Guest post written by: Conor O’Higgins
I have some breaking news from the organic food revolution: we’ve discovered the solution to global warming and water scarcity. Is it a new kind of solar panel? Is it reforestation? Is it a new subsidy plan? Nope. It’s wolves. That’s right – wolves.
In 1995, wolves were reintroduced to Yellowstone National Park. Since then the rivers have filled back up, erosion has decreased and biodiversity has increased. And in 2011, a paper was published in Science claiming that by eliminating top predators, we’ve released more carbon into the atmosphere than we have by burning fossil fuels.
What’s going on here and what does it have to do with paleo diets? The answer is simple enough: in paleolithic ecosystems, grazing animals didn’t live on farms in isolation. They lived in the wild, and wild herbivores have something in common. Picture zebra in the Serengeti. Picture caribou up north. Picture the wild horses in a Budweiser commercial. These three pictures have one thing in common: the herbivores bunch together very tightly. Why? Because it’s harder for a predator to attack a herd than a loner. When those wolves were put into Yellowstone, the elk started to bunch up like this for protection, and the ecology of the park changed. Ripple and Bestcha coined the vivid phrase ‘the ecology of fear’ to describe this effect predators have on herbivores.
When herbivores bunch together and graze intensively, rather than extensively, four things happen:
Each patch of grass only gets grazed a few days a year. The other 360+ days, it rests and grows.
On those days when the mob is on the grass, it gets a shit-ton of fertilizer.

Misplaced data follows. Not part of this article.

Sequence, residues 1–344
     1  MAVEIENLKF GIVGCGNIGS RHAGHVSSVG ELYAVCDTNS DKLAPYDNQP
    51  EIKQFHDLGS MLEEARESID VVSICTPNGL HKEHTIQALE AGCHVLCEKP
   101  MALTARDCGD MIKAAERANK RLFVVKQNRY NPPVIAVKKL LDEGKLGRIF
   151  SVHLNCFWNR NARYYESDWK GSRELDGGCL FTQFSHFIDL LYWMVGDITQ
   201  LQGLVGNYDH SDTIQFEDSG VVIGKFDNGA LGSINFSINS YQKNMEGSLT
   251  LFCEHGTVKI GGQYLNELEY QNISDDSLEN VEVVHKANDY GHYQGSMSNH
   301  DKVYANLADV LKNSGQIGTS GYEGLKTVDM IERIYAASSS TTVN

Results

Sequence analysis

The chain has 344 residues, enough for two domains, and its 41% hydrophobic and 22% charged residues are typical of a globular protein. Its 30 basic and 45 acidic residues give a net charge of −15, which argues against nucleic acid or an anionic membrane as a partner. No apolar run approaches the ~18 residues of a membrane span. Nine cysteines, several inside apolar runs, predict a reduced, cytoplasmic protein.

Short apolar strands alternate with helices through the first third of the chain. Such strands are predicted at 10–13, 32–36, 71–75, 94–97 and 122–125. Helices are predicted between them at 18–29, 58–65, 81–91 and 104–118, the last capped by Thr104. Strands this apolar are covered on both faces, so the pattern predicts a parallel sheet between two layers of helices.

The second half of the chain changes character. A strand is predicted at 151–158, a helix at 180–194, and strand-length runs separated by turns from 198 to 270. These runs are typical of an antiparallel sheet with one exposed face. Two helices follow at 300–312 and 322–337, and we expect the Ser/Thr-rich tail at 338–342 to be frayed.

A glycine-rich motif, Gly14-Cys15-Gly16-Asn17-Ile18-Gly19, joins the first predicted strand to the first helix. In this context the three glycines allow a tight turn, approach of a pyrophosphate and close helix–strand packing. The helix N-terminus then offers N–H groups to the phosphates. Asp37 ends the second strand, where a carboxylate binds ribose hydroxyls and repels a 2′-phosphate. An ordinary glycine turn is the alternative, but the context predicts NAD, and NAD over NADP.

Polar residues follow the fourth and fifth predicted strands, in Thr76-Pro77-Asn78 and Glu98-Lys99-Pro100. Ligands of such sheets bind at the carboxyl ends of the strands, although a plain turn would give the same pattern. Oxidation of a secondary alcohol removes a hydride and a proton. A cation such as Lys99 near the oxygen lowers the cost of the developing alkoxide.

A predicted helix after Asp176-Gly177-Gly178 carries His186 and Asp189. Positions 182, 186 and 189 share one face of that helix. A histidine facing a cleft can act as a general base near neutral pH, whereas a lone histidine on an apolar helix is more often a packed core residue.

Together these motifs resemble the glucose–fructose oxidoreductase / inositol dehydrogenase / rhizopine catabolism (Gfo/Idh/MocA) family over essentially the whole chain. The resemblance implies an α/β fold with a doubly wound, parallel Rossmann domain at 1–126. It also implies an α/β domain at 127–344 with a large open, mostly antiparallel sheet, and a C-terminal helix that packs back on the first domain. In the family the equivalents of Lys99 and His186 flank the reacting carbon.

The mob of animals mow the herbage down to a fine stubble. Plants like to keep their roots in proportion to the bit above ground, so when the animals mow the grass, the roots drop off. They then decompose and this enriches the soil.
The animals stomp on the ground and break it up, allowing rain to seep in better (775% better according to one study).
I’ve yet to meet the rancher who loves nature so much that he lets wolves or lions roam among his cattle, but there are farmers who corral livestock into a small ‘cell’ of grass at very high densities with electric fences. After 1-3 days grazing, the herd is moved to the next cell, mimicking the grazing pattern of animals threatened by predators. This farming technique goes by more names than Prince: mob-grazing, cell-grazing, managed intensive rotational grazing (MIRG), or animal tractors (because the animals mow and condition the ground like a tractor).
When mob-grazing has been put to the test, like in this experiment, the grass grows thicker, the ecosystem is tougher and more resistant to drought, and the soil grows instead of being eroded.
Any grass-fed system is much better than a grain-fed one. I was pretty amazed when to read in this study that when scientists switched cows from grain to grass diets, the levels of E. coli in their guts fell 1000-fold in just five days! As for the effect on human health, this study writes: “Research spanning three decades suggests that grass-based diets can significantly improve the fatty acid (FA) composition and antioxidant content of beef”.
Mob-grazing takes things a step further. It gives all of the benefits of extensive grazing, and more. It is closer to the paleo-ecosystems our ancestors evolved in, and more productive.
Conor’s mission is to feed the crew of Spaceship Earth. He has designed a permaculture farm in Guatemala, started an urban garden in Dublin, set up a gourmet mushroom cultivation project, and managed an aquaponics system in Haiti.